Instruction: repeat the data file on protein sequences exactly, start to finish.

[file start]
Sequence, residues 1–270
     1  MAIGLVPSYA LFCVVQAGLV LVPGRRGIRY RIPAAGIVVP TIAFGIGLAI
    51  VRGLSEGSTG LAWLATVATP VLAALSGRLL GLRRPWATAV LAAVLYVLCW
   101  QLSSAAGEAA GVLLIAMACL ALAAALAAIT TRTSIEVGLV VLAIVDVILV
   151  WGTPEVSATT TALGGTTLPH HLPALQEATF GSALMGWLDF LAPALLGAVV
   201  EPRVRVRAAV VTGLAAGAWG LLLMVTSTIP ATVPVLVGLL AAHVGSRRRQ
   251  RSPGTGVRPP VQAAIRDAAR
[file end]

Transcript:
Sequence, residues 1–270
     1  MAIGLVPSYA LFCVVQAGLV LVPGRRGIRY RIPAAGIVVP TIAFGIGLAI
    51  VRGLSEGSTG LAWLATVATP VLAALSGRLL GLRRPWATAV LAAVLYVLCW
   101  QLSSAAGEAA GVLLIAMACL ALAAALAAIT TRTSIEVGLV VLAIVDVILV
   151  WGTPEVSATT TALGGTTLPH HLPALQEATF GSALMGWLDF LAPALLGAVV
   201  EPRVRVRAAV VTGLAAGAWG LLLMVTSTIP ATVPVLVGLL AAHVGSRRRQ
   251  RSPGTGVRPP VQAAIRDAAR